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    Travel.
     
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  9. Mad Jack

    Mad Jack Critically Caring
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    33, won't be done with residency until 37. Need to save 2.5 million to retire on a humble 100k drawdown per year on the 4% rule. Working my ass off until 50, I think I can pull it off, if not earlier
     
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  10. OP
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    scharnhorst

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    you seem to have researched it well
    which source did you use ?
     
  11. Slevin

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    Retire from the military in 9 years. Will be <50. After that who knows.
     
  12. Mad Jack

    Mad Jack Critically Caring
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    I don't even know anymore because I learned this stuff so long ago, I used to be big on reading the financial independence and early retirement forums, used to read the WSJ regularly, etc etc.
     
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  13. NITRAS

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    You can retire when your assets surport your lifestyle.

    Personally, I plan on doing something till I can’t. I’d get bored, and my wife would shoot me.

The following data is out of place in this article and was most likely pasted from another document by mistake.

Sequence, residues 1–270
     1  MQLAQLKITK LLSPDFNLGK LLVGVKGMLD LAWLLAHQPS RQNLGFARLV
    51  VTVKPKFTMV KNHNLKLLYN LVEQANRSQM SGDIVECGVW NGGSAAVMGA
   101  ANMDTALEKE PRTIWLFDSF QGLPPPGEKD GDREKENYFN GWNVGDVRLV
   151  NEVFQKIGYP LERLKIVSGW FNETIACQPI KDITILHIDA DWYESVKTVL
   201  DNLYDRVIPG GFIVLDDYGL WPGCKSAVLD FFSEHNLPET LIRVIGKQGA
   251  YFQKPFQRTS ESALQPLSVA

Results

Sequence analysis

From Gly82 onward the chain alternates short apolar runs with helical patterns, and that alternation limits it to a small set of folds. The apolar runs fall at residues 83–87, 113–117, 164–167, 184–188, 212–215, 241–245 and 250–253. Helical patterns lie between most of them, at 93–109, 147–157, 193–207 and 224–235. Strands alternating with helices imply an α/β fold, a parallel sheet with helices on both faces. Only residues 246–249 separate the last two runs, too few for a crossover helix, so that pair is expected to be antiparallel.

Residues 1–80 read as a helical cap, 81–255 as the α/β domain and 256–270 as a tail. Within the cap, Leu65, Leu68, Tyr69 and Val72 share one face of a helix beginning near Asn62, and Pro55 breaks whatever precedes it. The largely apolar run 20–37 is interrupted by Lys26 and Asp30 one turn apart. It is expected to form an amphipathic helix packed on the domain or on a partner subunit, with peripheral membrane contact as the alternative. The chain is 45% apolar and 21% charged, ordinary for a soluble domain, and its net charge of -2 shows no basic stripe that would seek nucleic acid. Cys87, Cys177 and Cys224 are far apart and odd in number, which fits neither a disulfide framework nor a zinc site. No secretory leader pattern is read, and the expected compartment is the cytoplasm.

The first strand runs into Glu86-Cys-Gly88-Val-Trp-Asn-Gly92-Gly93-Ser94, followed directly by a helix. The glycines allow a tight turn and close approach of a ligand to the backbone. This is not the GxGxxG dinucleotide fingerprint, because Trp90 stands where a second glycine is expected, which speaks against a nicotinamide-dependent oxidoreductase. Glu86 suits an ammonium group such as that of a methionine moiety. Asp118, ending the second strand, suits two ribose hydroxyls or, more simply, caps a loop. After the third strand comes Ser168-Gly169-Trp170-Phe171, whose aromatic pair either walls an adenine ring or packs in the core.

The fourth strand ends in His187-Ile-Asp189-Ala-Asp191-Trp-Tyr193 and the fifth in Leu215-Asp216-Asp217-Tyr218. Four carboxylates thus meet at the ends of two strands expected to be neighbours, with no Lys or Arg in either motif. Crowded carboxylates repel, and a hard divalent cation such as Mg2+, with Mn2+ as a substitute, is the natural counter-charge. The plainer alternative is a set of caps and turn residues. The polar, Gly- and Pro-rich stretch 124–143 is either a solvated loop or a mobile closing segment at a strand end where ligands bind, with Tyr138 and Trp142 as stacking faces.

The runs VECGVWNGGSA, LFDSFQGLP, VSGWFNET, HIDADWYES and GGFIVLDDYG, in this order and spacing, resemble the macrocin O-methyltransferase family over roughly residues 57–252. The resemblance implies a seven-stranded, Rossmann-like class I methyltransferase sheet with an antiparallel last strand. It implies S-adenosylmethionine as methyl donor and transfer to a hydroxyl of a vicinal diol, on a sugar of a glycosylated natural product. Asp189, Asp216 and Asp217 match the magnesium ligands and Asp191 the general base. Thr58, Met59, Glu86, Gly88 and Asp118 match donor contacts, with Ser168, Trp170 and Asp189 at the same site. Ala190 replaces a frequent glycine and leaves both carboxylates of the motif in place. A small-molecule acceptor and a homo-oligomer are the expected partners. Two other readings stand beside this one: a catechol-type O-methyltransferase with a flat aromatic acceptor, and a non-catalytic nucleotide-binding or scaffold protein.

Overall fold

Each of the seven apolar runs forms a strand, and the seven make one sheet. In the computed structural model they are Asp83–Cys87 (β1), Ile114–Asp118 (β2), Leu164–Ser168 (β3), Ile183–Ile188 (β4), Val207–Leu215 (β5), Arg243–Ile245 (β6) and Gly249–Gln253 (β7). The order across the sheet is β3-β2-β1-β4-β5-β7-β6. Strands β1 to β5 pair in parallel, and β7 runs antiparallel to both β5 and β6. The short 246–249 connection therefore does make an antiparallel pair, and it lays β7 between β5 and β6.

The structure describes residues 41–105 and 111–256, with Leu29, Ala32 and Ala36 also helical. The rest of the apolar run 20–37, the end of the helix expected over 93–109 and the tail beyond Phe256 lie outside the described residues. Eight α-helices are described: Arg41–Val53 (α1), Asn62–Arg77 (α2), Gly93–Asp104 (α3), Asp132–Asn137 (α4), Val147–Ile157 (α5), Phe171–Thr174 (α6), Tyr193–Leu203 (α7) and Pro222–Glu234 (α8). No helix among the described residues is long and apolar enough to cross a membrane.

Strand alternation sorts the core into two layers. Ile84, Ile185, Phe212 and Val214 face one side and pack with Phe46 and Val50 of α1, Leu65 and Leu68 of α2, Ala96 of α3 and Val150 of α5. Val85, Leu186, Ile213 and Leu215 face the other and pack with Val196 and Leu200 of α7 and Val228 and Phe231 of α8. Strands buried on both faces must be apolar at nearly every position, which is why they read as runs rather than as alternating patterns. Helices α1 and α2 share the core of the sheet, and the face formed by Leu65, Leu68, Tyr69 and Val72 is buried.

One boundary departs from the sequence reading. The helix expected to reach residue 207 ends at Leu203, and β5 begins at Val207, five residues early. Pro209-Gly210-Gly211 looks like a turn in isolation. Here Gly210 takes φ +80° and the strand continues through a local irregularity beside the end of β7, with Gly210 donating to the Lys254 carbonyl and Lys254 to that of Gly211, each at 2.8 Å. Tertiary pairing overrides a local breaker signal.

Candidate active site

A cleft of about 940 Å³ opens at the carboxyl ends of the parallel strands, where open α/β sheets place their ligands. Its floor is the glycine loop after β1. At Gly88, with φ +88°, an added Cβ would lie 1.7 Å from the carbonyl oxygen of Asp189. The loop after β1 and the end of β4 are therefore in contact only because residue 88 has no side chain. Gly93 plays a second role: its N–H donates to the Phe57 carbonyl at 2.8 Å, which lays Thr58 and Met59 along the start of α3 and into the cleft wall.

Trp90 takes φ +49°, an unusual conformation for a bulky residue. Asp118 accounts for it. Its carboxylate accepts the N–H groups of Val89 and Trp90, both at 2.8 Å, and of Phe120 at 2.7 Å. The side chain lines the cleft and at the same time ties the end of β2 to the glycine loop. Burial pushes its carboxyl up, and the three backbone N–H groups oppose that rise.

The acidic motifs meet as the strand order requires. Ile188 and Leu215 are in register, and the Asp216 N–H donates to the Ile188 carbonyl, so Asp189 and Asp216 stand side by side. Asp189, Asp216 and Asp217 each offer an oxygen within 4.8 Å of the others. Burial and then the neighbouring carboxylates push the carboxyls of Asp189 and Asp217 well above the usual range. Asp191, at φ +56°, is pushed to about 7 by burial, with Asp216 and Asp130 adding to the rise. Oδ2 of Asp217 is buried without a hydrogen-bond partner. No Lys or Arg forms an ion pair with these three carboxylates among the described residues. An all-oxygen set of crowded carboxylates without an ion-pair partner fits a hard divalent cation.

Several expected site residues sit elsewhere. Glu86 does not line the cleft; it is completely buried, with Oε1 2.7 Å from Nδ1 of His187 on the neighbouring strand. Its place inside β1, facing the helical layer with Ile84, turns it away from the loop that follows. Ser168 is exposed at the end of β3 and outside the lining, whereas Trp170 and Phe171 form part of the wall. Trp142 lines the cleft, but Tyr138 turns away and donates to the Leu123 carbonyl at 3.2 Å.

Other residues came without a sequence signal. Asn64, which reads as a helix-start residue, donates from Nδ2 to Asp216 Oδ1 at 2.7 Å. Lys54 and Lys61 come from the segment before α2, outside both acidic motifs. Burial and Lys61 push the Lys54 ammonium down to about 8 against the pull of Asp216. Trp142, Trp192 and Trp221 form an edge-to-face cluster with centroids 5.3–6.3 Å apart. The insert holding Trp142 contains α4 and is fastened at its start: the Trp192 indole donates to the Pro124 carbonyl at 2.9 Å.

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  14. Blue Dog

    Blue Dog Fides et ratio.
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    There are people for that.
     
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  15. VA Hopeful Dr

    VA Hopeful Dr Senior Member
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    I'm with you. I quit a job last year and they wanted rid of me as well so I got 6 weeks of basically paid leave. I was miserable. I enjoy working apparently.

    Though as I get older I do plan to work less. I have an uncle who is also an FP, age 68. He takes probably a solid 8-10 weeks off per year at this point. My ideal would be that plus working fewer days/week - say 3-3.5.

    As background, I'm 35 and been out of residency for 6 years. My new as of last week employer lets us buy into the state retirement plan so I can retire with full benefits at 63.
     
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  16. VA Hopeful Dr

    VA Hopeful Dr Senior Member